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The origin of lithogenic sediment in the south-western Ross Sea and implications for iron fertilization

Published online by Cambridge University Press:  26 February 2016

V.H.L. Winton*
Affiliation:
Physics and Astronomy, Curtin University, Perth, Western Australia, Australia
G.B. Dunbar
Affiliation:
Antarctic Research Centre, Victoria University of Wellington, Wellington, New Zealand
C.B. Atkins
Affiliation:
School of Geography, Environment and Earth Sciences, Victoria University of Wellington, Wellington, New Zealand
N.A.N. Bertler
Affiliation:
Antarctic Research Centre, Victoria University of Wellington, Wellington, New Zealand GNS Science, National Isotope Centre, Lower Hutt, New Zealand
B. Delmonte
Affiliation:
DISAT, Department of Earth and Environmental Sciences, University of Milano-Bicocca, Milano, Italy
P.S. Andersson
Affiliation:
Department of Geosciences, Swedish Museum of Natural History, Stockholm, Sweden
A. Bowie
Affiliation:
Antarctic Climate and Ecosystems CRC, University of Tasmania, Hobart, Tasmania, Australia Institute for Antarctic and Southern Ocean Studies, University of Tasmania, Hobart, Tasmania, Australia
R. Edwards
Affiliation:
Physics and Astronomy, Curtin University, Perth, Western Australia, Australia

Abstract

Summer iron (Fe) fertilization in the Ross Sea has previously been observed in association with diatom productivity, lithogenic particles and excess Fe in the water column. This productivity event occurred during an early breakout of sea ice via katabatic winds, suggesting that aeolian dust could be an important source of lithogenic Fe required for diatom growth in the Ross Sea. Here we investigate the provenance of size-selected dust deposited on sea ice in McMurdo Sound, south-western (SW) Ross Sea. The isotopic signature of McMurdo Sound dust (0.70533<87Sr/86Sr<0.70915 and -1.1<εNd(0)<3.45) confirms that dust is locally sourced from the McMurdo Sound debris bands and comprises a two-component mixture of McMurdo Volcanic Group and southern Victoria Land lithologies. In addition, the provenance of lithogenic sediment trapped in the water column was investigated, and the isotopic signature (εNd(0)=3.9, 87Sr/86Sr=0.70434) is differentiated from long-range transported dust originating from South America and Australia. Elevated lithogenic accumulation rates in deeper sediment traps in the Ross Sea suggest that sinking particles in the water column cannot simply result from dust input at the surface. This discrepancy can be best explained by significant upwelling and remobilization of lithogenic Fe from the sea floor.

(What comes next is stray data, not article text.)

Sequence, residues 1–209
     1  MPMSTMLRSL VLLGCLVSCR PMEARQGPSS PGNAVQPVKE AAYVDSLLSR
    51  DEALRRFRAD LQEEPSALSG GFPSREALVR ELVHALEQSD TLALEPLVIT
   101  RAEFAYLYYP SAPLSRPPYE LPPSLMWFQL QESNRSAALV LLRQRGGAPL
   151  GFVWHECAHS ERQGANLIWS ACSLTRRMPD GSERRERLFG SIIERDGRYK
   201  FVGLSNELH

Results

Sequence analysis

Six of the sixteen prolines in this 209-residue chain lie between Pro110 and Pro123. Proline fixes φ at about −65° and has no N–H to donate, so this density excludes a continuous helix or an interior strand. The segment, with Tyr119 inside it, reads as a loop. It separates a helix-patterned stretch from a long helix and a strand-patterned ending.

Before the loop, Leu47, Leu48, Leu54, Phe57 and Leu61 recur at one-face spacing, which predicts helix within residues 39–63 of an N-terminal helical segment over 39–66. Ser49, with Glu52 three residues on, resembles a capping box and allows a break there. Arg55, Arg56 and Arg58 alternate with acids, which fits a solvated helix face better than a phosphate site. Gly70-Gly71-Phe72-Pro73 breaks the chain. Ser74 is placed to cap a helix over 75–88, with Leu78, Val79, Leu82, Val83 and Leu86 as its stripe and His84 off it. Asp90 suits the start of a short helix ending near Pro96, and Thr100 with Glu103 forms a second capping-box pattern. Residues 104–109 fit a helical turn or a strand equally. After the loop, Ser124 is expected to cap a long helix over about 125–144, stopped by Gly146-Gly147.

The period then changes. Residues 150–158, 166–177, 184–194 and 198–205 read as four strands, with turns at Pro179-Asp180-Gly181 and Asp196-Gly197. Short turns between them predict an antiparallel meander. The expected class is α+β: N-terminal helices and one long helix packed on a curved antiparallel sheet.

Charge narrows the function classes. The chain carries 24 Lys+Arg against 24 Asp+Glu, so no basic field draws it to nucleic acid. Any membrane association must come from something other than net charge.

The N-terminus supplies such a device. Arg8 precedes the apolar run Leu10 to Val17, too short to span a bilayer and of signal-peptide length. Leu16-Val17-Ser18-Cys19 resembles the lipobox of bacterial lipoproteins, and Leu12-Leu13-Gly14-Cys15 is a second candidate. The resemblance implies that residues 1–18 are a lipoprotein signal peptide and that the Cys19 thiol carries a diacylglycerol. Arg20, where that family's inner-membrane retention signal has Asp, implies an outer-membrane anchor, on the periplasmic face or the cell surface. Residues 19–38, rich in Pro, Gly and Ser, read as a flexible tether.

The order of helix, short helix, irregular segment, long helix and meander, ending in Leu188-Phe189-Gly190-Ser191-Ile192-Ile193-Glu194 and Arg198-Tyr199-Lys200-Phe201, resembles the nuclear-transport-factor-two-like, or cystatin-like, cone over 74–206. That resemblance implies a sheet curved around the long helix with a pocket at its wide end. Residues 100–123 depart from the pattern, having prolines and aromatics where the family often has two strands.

Type
Biological Sciences
Copyright
© Antarctic Science Ltd 2016 

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